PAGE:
The turn of the year in the 2005/06 season found Stockport rock-bottom of the entire Football League. A 6-0 Boxing Day defeat to neighbours Macclesfield Town was a very painful experience for most supporters. The club responded to the latest setback by appointing Jim Gannon, with over 600 appearances for Stockport, as the new manager, and Gannon duly led the club to safety in the remainder of the season.
After six years of decline, things really began to look up. Gannon’s spiky character may have resulted in difficulties with certain players and directors, and his personality has not done him any favours in his managerial career after leaving County. But fans’ darling Gannon has an extraordinary ability to identify players, which is a godsend for clubs on limited resources, and several players arrived at Edgeley Park from clubs well down the football pyramid who went on to be key players in our first team.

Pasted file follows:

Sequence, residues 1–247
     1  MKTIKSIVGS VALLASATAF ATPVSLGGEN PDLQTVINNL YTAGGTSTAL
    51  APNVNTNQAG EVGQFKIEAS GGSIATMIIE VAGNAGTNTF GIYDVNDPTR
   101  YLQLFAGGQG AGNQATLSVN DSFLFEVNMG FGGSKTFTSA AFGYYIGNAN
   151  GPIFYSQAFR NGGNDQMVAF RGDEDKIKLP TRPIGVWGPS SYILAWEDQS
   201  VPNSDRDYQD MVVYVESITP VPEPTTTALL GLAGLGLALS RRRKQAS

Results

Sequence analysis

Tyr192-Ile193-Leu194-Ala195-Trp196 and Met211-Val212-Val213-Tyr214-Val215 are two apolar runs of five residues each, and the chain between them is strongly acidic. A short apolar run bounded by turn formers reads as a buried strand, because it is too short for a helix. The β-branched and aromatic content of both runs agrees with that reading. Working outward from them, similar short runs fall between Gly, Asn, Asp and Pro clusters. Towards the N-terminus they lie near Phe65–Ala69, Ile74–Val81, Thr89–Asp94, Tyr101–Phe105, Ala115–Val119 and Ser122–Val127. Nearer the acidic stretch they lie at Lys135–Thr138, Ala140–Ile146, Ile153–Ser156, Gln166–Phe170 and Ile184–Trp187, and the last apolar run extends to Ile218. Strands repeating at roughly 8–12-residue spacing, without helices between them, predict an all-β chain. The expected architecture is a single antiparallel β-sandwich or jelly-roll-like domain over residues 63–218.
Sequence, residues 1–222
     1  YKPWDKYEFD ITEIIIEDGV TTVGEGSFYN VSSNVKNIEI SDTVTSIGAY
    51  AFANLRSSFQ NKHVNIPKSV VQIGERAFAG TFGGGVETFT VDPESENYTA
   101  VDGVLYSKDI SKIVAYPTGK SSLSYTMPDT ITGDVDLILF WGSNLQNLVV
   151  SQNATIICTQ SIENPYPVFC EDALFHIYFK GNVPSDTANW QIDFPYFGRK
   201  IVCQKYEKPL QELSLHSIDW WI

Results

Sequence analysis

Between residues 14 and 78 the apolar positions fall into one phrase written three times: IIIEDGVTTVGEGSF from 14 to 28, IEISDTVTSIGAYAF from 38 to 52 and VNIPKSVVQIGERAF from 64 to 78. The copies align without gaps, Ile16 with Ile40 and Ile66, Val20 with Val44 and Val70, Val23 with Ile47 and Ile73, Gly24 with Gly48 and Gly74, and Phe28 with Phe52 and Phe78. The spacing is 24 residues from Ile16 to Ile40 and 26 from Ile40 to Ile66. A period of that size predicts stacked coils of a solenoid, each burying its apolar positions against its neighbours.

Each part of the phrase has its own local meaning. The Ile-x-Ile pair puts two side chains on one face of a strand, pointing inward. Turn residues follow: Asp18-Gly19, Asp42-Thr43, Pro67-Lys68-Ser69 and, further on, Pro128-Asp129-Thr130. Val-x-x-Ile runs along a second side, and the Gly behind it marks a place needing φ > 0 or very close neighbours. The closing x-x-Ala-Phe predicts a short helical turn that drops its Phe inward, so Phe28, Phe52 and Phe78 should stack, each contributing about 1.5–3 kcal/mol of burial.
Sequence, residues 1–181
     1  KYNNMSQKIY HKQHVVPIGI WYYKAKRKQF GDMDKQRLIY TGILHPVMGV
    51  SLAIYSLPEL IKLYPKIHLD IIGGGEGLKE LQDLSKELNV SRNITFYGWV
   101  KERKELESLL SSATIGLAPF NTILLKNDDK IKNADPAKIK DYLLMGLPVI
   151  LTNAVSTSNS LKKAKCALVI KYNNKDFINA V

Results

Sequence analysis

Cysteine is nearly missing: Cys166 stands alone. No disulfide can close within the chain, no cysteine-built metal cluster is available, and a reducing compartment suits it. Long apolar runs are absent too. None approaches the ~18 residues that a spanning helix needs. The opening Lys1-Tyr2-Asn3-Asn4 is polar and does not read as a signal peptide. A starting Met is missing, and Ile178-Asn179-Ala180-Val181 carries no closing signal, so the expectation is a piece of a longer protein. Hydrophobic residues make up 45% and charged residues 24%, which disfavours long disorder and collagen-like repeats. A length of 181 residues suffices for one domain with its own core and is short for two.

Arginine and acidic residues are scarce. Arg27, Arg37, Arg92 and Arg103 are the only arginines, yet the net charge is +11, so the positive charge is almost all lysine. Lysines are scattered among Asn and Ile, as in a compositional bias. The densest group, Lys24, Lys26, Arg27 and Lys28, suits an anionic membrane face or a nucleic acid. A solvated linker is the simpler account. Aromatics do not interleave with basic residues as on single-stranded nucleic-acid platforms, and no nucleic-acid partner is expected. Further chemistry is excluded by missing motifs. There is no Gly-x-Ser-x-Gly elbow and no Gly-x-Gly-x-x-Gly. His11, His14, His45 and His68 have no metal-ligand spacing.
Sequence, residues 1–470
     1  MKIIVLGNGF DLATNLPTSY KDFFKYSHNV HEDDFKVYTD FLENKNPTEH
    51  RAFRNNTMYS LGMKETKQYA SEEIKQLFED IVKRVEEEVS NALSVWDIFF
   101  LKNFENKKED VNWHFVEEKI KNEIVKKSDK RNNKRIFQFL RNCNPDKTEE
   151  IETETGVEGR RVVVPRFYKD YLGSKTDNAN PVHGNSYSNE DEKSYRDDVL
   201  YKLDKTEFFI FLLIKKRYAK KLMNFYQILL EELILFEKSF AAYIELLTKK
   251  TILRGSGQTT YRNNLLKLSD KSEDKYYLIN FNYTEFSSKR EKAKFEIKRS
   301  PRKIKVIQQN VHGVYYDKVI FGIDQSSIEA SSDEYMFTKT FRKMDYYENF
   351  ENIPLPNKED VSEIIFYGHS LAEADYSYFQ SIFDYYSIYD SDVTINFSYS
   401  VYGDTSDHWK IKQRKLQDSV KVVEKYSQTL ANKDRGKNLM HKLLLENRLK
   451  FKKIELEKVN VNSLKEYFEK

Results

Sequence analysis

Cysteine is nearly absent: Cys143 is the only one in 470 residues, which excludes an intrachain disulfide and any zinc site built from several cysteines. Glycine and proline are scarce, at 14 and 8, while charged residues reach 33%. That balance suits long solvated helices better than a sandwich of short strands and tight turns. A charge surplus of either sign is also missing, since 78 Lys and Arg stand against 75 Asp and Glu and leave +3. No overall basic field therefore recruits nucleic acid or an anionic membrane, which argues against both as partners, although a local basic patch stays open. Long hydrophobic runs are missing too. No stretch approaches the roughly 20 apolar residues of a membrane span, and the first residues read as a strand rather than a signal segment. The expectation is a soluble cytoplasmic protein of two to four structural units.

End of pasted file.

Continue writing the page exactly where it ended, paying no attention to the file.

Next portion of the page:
Despite setting a new Football League record of nine consecutive wins without conceding a goal, County missed out on the play-offs in 2006/07, but the following year they finished fourth and then went on to record their first ever win at Wembley in the play-off final at Rochdale. A superb day for all County fans, but subsequent events have suggested that even at this stage, the club was living a lie, and behind the façade of celebrating promotion to League One, trouble was brewing.
The renaissance continued for at least the first half of the 2008/09 season, but shortly after the turn of the year, rumours began to spread that the club was in serious financial difficulty. As results dipped, the club hierarchy came clean at a fans Forum, and confessed that the club owed around £500,000 to HM Revenue & Customs, with other debt including a sum of around £300,000 owed to David Farms Ltd. Shortly before the end of the season, David Farms demanded repayment of their loan, and with the club in no position to do so, they were forced into administration.